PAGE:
In 1922 the Irish Free State seceded from the United Kingdom, leading to the latter being renamed the United Kingdom of Great Britain and Northern Ireland. The name "England" is derived from the Old English name Englaland, which means "land of the Angles"; the Angles were one of the Germanic tribes that settled in Great Britain during the Early Middle Ages. The Angles came from the Anglia peninsula in the Bay of Kiel area of the Baltic Sea; the earliest recorded use of the term, as "Engla londe", is in the late-ninth-century translation into Old English of Bede's Ecclesiastical History of the English People. The term was used in a different sense to the modern one, meaning "the land inhabited by the English", it included English people in what is now south-east Scotland but was part of the English kingdom of Northumbria; the Anglo-Saxon Chronicle recorded that the Domesday Book of 1086 covered the whole of England, meaning the English kingdom, but a few years the Chronicle stated that King Malcolm III went "out of Scotlande into Lothian in Englaland", thus using it in the more ancient sense.
According to the Oxford English Dictionary, its modern spelling was first used in 1538. The earliest attested reference to the Angles occurs in the 1st-century work by Tacitus, Germania, in which the Latin word Anglii is used; the etymology of the tribal name itself is disputed by scholars. How and why a term derived from the name of a tribe, less significant than others, such as the Saxons, came to be used for the entire country and its people is not known, but it seems this is related to the custom of calling the Germanic people in Britain Angli Saxones or English Saxons to distinguish them from continental Saxons of Old Saxony between the Weser and Eider rivers in Northern Germany. In Scottish Gaelic, another language which developed on the island of Great Britain, the Saxon tribe gave their name to the word for England. An alternative name for England is Albion; the name Albion referred to the entire island of Great Britain. The nominally earliest record of the name appears in the Aristotelian Corpus the 4th-century BC De Mundo: "Beyond the Pillars of Hercules is the ocean that flows round the earth.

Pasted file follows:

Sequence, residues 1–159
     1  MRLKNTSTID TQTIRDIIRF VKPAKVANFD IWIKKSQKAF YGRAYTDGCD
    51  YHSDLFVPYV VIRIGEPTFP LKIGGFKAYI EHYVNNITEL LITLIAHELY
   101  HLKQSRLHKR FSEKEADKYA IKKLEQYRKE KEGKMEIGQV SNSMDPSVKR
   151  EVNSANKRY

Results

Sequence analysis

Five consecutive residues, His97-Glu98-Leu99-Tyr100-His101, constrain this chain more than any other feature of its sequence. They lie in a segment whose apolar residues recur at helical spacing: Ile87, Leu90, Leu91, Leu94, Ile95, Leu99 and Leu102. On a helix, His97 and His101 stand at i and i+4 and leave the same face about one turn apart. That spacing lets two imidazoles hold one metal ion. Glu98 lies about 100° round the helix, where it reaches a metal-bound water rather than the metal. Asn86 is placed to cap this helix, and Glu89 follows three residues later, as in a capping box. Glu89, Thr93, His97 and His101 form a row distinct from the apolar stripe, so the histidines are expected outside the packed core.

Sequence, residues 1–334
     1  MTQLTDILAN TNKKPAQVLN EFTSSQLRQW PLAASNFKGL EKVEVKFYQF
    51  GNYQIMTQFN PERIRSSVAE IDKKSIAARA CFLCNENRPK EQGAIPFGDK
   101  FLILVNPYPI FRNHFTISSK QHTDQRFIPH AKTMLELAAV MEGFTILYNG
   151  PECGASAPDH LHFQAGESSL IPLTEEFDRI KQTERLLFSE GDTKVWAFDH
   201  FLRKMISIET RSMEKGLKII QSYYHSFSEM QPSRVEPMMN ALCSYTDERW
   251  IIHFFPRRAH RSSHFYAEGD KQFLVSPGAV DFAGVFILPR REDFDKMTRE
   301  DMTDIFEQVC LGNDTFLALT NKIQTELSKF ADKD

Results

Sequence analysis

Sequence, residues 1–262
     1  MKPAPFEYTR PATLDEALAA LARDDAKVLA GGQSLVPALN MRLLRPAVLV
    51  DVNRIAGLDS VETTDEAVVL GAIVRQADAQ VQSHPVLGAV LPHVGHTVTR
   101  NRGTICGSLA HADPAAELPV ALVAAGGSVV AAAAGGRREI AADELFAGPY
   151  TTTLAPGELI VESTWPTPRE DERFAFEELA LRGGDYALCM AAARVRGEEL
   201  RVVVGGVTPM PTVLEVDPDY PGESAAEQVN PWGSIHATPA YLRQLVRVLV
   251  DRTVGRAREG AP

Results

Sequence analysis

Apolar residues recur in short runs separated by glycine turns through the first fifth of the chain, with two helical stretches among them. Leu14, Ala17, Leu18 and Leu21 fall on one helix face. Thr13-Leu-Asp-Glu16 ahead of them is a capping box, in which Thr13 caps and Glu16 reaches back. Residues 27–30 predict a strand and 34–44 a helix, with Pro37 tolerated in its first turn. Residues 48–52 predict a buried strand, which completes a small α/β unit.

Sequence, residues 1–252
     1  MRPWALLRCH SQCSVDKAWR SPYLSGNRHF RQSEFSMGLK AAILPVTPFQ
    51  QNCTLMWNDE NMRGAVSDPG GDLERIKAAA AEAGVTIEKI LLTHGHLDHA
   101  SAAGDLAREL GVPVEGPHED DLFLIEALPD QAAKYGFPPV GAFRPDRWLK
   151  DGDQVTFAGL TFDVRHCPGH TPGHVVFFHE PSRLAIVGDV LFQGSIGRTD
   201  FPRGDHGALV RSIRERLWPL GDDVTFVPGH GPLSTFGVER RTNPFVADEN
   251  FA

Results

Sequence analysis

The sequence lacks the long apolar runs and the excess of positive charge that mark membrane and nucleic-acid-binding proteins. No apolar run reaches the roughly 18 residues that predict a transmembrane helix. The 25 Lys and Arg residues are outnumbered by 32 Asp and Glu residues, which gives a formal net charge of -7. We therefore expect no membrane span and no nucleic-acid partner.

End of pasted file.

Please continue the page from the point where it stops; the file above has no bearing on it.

In it are two large islands called Britannia. But modern scholarly consensus ascribes De Mundo not to Aristotle but to Pseudo-Aristotle, i.e. it was written in the Graeco-Roman period or afterwards. The word Albion or insula Albionum has two possible origins, it either derives from a cognate of the Latin albus meaning white, a reference to the white cliffs of Dover or from the phrase the "island of the Albiones" in the now lost Massaliote Periplus, attested through Avienus' Ora Maritima to which the former served as a source. Albion is now applied to England in a more poetic capacity. Another romantic name for England is Loegria, related to the Welsh word for England and made popular by its use in Arthurian legend; the earliest known evidence of human presence in the area now known as England was that of Homo antecessor, dating to approximate
BBC South East
BBC South East is the BBC English region serving Kent, East Sussex, part of West Sussex and a small part of Surrey. The BBC region was created in September 2001 by the joining of the Heathfield transmitter with the Bluebell Hill and Dover transmitters to form a new regional TV service. Unlike ITV Meridian, it does not serve southern Essex, this area being part of the BBC London region instead. BBC South East's television output consists of the flagship regional news service South East Today and the topical magazine programme Inside Out. A 25-minute opt-out during Sunday Politics is produced by an independent production company. A late night football magazine show; the region is the controlling centre for BBC Surrey and BBC Sussex. Radio Kent carries local programming between 6 am and 7 pm from the Tunbridge Wells studio simulcasts networked programming along with stations in the BBC South and South East regions until 1 am every night. BBC Sussex and BBC Surrey each carry three hours a day of local programming for each county from 6 am to 9 am, sharing the remainder of their output between 9 am and 7 pm joining with other stations in the BBC South and BBC South East regions at 7 pm.